How interesting to see the difference between reality and the final product in Elvgren’s pinups. I’d never seen these before…
Being a vintage gal is a pretty demanding kind of thing. Curling and styling your hair, the anything-but-natural makeup, hunting out rare vintage styles and sometimes wearing clothes that are 80 years old, not to mention the ordeals of garters, stockings, high heels, corsets, jewelery, hats – there’s a lot involved!
Now imagine, that on top of all that, you weren’t only going to style your hair, do your makeup, and wear uber-feminine vintage style clothing, but you were going to do all that whilst swing dancing… for four hours straight… sweating and spinning and twisting and getting tossed around, sometimes upside down, by your partners – it’s a whole different affair!
When it comes to makeup, it can be really hard to find anything that stays, but here are two products I use. I guess, even if you’re not a Lindy Hopper, then at least you know these products have passed the ultimate durability test!
Firstly, my dance partner Juan would kill me if I got lipstick on his shirt, and I’m not a fan of re-applying lipstick every ten minutes (or lipstick on my teeth, for that matter), so I use Cover Girl Outlast All Day Lipcolor, in “Ever Red-dy” (#507). It seriously doesn’t come off – you need a special remover to get it off at the end of the night. I like this one because the color is a real fire-engine red, and it doesn’t flake off like some other so-called “everlast” brands. I’ve stopped trying to find it in stores (it’s usually the first color to go), so now I just buy it online on Amazon:
I kiss my boyfriend, eat a meal, drink and dance all night long, and it stays on. I just pray they don’t discontinue it!!
Secondly, we have MAC Liquidlast Liner – yep, waterproof black liquid liner. Again, this stuff SERIOUSLY stays, you’ll need a special remover to get it off, although I find my moisturizer on a cottonbud works too. I think anything oil-based would get it off. But sweat doesn’t budge it, and you don’t have to worry about rubbing your eyes either. You can get it anywhere they sell MAC, I got mine at Sephora.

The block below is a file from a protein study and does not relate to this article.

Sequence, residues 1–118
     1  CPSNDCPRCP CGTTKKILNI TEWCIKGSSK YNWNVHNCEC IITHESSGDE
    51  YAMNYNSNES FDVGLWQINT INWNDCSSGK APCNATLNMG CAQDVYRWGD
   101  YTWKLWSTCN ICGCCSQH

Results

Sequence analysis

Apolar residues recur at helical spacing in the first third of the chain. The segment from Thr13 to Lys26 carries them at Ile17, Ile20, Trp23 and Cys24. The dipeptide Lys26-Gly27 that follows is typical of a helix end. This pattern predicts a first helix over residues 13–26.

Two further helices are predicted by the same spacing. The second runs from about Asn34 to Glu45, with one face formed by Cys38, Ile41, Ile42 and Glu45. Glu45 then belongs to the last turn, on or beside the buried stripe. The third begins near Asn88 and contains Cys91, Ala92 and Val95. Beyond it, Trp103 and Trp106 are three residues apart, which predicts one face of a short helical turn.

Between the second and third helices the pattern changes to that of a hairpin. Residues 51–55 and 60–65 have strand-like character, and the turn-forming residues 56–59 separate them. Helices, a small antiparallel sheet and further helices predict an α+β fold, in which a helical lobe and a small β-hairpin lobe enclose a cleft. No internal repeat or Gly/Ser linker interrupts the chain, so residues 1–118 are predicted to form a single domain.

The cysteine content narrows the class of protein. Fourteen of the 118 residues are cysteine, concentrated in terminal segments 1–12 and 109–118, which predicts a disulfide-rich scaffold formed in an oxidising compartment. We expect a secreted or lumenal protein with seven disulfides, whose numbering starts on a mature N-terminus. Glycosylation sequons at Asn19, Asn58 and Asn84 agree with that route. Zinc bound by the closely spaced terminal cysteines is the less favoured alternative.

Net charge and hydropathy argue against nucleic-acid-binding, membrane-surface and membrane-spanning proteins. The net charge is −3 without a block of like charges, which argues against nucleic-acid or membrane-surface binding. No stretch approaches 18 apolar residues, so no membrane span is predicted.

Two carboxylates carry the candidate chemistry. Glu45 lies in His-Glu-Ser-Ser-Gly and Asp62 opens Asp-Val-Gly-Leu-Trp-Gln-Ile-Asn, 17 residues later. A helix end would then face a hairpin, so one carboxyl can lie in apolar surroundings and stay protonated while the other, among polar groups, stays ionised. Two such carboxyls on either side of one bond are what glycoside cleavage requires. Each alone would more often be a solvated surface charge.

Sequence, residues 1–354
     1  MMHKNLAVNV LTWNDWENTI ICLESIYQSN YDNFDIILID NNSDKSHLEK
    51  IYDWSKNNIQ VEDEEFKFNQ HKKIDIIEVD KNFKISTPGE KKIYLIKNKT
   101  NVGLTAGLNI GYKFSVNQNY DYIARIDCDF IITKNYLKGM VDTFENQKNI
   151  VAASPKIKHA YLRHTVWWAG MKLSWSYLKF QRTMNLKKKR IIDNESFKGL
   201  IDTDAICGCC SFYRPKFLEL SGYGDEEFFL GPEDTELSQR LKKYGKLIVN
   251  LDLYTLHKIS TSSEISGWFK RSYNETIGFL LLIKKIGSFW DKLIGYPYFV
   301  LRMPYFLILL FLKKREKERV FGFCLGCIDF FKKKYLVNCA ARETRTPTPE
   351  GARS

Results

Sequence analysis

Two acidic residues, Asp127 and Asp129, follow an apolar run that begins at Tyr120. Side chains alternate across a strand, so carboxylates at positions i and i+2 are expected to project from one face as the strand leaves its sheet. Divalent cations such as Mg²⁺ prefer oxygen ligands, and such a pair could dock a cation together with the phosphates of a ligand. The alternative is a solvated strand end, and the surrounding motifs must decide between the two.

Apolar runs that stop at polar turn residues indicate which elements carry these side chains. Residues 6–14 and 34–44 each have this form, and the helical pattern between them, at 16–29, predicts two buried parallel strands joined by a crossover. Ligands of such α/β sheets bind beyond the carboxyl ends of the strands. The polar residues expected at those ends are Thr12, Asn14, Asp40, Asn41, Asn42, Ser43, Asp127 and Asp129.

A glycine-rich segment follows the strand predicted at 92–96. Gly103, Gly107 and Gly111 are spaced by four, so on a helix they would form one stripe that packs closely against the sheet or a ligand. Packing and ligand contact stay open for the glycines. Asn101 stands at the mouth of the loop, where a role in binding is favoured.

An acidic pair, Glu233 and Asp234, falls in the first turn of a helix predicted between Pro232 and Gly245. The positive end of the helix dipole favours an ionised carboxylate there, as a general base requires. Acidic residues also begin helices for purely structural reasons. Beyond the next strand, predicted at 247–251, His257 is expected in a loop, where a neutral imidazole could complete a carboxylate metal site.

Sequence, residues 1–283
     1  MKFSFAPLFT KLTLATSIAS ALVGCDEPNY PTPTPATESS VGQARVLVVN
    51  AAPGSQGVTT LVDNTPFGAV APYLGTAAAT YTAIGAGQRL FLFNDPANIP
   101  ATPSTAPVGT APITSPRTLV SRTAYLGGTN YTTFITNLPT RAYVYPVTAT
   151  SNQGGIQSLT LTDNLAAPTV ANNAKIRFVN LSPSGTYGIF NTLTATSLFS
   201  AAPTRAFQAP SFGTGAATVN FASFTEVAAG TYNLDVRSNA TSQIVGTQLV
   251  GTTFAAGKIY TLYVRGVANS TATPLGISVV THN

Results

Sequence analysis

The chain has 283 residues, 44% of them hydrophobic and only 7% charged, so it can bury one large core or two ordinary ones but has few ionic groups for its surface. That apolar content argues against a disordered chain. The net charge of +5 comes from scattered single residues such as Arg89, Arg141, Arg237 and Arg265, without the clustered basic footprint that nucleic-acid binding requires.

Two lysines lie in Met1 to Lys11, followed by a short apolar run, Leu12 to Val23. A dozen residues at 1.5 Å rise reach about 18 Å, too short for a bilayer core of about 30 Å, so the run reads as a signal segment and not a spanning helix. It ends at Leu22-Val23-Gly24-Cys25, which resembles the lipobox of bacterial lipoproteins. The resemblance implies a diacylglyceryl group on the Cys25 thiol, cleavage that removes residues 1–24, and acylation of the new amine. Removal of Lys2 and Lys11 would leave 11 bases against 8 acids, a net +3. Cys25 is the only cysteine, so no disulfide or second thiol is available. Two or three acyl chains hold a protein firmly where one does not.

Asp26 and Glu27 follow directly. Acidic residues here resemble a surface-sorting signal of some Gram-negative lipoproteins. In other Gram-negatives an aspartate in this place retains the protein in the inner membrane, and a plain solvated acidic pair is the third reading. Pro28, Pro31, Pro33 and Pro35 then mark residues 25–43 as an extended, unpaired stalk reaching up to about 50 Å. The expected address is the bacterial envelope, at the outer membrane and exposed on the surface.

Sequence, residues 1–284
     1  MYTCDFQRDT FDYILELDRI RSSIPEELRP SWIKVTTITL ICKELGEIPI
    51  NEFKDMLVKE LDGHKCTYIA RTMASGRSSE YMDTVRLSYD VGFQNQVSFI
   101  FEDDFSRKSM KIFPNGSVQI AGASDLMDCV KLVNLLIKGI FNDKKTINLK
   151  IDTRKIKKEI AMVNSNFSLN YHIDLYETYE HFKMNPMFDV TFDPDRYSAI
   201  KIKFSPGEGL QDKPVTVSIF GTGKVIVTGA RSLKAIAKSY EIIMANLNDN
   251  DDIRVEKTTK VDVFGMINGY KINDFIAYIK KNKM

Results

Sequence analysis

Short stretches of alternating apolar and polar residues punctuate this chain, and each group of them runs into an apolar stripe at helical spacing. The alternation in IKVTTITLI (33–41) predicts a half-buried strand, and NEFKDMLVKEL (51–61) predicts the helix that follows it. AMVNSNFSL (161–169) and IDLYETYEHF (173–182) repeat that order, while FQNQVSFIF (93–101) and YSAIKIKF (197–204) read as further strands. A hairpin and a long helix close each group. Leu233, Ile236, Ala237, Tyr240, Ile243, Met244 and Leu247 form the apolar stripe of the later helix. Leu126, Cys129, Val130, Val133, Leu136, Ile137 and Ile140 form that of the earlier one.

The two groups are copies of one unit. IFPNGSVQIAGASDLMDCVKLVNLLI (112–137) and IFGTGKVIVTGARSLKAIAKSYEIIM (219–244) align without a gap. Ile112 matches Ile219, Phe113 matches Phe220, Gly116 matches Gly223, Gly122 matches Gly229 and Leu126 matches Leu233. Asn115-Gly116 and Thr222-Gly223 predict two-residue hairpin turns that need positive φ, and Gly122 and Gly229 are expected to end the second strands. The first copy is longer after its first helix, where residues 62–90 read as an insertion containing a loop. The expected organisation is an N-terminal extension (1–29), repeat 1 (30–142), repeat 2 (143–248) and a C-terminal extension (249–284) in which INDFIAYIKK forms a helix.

Look at these perfect water waves and tiny, tiny pincurls!
Lilyan Tashman was a Ziegfeld girl, silent film actress and a model, from the late 1910s until the early 1930s. She appeared onstage in the Ziegfeld Follies, and in films including Head Over Heels, The Garden of Weeds, Ports of Call, Pretty Ladies, Seven Days, Texas Steer, Camille, So This is Paris, Craig’s Wife, The Trial of Mary Dugan, The Marriage Playground, and The Gold Diggers of Broadway. She died in 1931 of cancer, at the age of 38.
Via Art Deco Blog
A brief flashback to Anna Sui’s Spring 2008 ready-to-wear collection, since it was such a great moment. A 1940s silhouette with cinched waists and boxy shoulders, brought to short flirty skirts and dresses, pinafores and playsuits in bright colors and bold prints. And I love the strappy platform heels, worn with brightly colored socks – cute!
I normally hate it when designers sent cute retro designs down the runway, paired with mismatching hairstyles and makeup, but in this case the punky ‘dos were adorable and played up the fun attitude of the collection. Bobby soxers meet Harajuku girls…
We’ve been enjoying a fashion comeback of tuxedo styles for women over the past few seasons, bolstered by the passing in June 2008 of famed designer Yves Saint Laurent. It’s true, in the 1960s and 70s, YSL was responsible forÂ re-popularizing suit and tuxedo styles for women, in particular his 1966 creation, “Le Smoking”, a tailored tuxedo suit with a long, slender 1960s silhouette. But, with all respect, it’s ridiculous to say he was the style’s inventor!
I caught Elle Magazine with this little diddy from last year: “Itâ€™s no coincidence that in the week when fashion designer Yves Saint Laurent, the man who designed Le Smoking (the first tuxedo for women) passed away, the A-list are paying their respects in a way he would have loved- by wearing tuxedo jackets at every opportunity.”Â And even my beloved Wikipedia has this to say: “the Le Smoking tuxedo suit for women was the first of its kind to earn attention in the fashion world and in popular culture.“Â What’s going on here? Yves Saint Laurent did NOT invent the tuxedo for women, and the 1960s was not the first time women fashionably wore suits and tuxedos. Every swing girl knows this!
Above and below, we have Marlene Dietrich, who wore this tuxedo in the film Morocco in 1928. In the scene she sings and even kisses a girl…
And here we have Josephine Baker, Gloria Swanson, Anna May Wong and Katharine Hepburn in the 1920s, 30s and 40s…
Rant aside, it’s brilliant that the look has been having a fashion comeback (even with mistaken origins). Here are a few celebrities, mostly care of Fashionising.com, who have been toying with the trend. We have Ashley Olsen, Diane Kruger, Naomi Watts, Anne Hathaway, Rihanna, Blake Liveley and Dita Von Teese.
If the Fall 2009 and Resort 2010 collections are anything to go by, it seems as if the trend will be with us for a while longer. Viva Le Tuxedo!